VTA calls for work on North East Link

By: Anjali Behl


The proposed road is expected to provide environmental and efficiency boost for heavy vehicles

VTA calls for work on North East Link
RACV public policy general manager Brian Negus (left) with VTA CEO Peter Anderson.

 

The Victorian Transport Association (VTA) and the Royal Automobile Club of Victoria (RACV) are calling on the Victorian Government to begin work on the much delayed North East Link.

The freeway project aims to provide a direct connection between Metropolitan Ring Road and the Eastern Freeway or the EastLink freeway.

At a Melbourne event, the organisations explained the need to add the "missing link" in Melbourne’s ring road network and why the state government should look at it as a matter of "urgent priority".

VTA CEO Peter Anderson says it has been 15 years since this project was first discussed and it is high time that the state government began work on it.

"Freight operators have an urgent and genuine need for a better connection between the Metropolitan Ring Road and East Link because they need to safely and efficiently move goods between customers and suppliers in the north and south-east of Melbourne," Anderson says.

"What we have now is a dangerous and unsustainable situation where heavy vehicles are forced to navigate residential streets to get between the Ring Road and the Eastern Freeway and on to the East Link because they have no alternative," he says.

The proposed North East Link is expected to carry 100,000 vehicles a day and once built, the road will provide non-stop movement for all vehicles and alleviate the issues faced by freight operators today.

"Successive governments have dragged their heels on this critical road link and Melbournians in the north-east have had enough of the frequent traffic grid lock," RACV GM public policy Brian Negus says.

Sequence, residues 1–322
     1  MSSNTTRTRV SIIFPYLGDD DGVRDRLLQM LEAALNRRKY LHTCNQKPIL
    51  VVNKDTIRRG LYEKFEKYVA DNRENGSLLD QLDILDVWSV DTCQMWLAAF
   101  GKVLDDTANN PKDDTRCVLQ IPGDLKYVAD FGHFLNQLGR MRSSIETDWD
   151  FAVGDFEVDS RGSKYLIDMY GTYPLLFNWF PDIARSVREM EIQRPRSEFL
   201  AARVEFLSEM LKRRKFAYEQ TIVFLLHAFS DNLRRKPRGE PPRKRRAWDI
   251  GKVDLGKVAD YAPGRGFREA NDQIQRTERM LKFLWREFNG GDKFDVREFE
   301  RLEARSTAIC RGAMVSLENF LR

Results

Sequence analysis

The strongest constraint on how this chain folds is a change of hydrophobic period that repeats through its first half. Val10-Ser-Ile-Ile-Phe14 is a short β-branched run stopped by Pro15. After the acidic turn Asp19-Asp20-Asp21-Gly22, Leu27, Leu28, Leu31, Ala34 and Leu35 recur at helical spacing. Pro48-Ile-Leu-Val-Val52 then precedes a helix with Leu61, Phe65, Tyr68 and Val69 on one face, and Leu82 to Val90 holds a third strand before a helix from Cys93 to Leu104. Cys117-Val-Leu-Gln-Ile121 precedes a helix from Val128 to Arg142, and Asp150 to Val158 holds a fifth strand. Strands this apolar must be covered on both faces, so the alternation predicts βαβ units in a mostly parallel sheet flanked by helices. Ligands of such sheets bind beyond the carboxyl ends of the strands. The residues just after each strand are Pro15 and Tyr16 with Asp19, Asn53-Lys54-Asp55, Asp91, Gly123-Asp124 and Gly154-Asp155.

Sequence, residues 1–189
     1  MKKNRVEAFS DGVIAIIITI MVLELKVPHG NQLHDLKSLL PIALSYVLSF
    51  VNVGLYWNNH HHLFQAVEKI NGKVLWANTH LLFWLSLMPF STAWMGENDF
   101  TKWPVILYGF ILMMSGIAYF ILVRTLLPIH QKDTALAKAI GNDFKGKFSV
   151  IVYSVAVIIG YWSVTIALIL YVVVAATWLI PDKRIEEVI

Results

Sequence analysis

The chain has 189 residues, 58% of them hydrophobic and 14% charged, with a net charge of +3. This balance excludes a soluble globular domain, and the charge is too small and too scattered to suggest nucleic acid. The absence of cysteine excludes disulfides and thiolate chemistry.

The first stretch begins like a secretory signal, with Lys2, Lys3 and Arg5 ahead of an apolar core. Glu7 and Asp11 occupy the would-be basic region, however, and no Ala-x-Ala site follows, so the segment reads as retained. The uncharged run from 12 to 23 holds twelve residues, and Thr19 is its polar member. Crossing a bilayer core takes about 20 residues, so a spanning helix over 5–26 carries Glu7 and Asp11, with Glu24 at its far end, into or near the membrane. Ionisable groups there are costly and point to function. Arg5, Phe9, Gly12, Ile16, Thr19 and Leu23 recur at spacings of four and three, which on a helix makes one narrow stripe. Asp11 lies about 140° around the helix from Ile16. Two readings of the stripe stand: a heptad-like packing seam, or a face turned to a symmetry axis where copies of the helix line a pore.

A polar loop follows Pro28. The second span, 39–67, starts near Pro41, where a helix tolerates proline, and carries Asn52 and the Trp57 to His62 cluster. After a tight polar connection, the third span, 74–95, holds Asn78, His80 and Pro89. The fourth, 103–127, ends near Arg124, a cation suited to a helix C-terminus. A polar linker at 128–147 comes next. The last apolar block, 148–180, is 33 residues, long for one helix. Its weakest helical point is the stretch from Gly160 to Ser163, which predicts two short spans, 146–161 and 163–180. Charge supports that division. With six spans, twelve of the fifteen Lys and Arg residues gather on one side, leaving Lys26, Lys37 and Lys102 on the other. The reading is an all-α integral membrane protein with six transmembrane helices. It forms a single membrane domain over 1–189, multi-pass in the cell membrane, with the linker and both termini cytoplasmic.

"Apart from reducing congestion, the North East Link will provide a significant boost to freight productivity by directly connecting the freight centre around Dandenong and the agricultural centres in Gippsland with the Hume Freeway, the new fruit and vegetable market in Epping, and other interstate corridors," Negus says.

Speaking to ATN on the matter of night curfews on trucks on key north-south roads in the areas, Anderson says, the government’s "knee-jerk plan" has made the situation "worse for freight operators".

If the trucks are banned on one particular section, they have to navigate around other roads, which may be equally ill-equipped to handle heavy vehicles, Anderson says.

"We need big trucks on big roads, and therefore we are calling on the government to make those roads available to the public.

"Because of the curfews we are seeing more trucks on these roads during the morning peak, which presents safety risks and adds to congestion," Anderson says.

The night curfew is currently in the mid of a 12-month trial that started in August 2015 and affects heavy vehicles access to nine arterial roads between the Eastern Freeway and the M80 from 6pm to 10am.

VTA estimates that there would be 40 per cent fewer trucks on the West Gate Bridge with a North East road in place.

Taking trucks off residential roads and channelling them across the proposed road would also result in environmental benefits, with heavy vehicles using less fuel on freeways, he says.

"These benefits would flow throw to the general economy over time because more deliveries could be made throughout the day and congestion on inner roads would reduce due to the notable reduction of trucks," Anderson says.

Both bodies are calling on the government to begin with a structured consultation with the local residents, the trucking community, the agricultural sector and local fresh producers to understand the needs of all parties.

There is currently a lot of misunderstanding about the project and its implications, which is a result of lack of proper study of all factors surrounding it, and the government needs to conduct a "proper study" to drum up support for this "vital infrastructure" project, Negus says.

Also present at the event were AusVEG state manager Kurt Hermann and John Francis from the Resolve Rosanna Road resident action group, both of whom support the VTA and RACV in their call for the North East Link.

"Hauling trucks through suburban streets is not ideal for drivers, growers or residents. Having adequate infrastructure is vital to ensure fruit and vegetables going to the markets arrive as fresh as possible, as well as saving growers money in transport costs," Hermann says.

"Considering over 5,000 trucks access the markets every day, with around 3,000 of them potentially travelling back to the eastern side of Melbourne, having a road that makes it more efficient for produce to travel to and from the market, and doesn’t disrupt residents, is vital."

AUSVEG VIC is a leading industry body representing the interests of the state’s 840 vegetable and potato growers.

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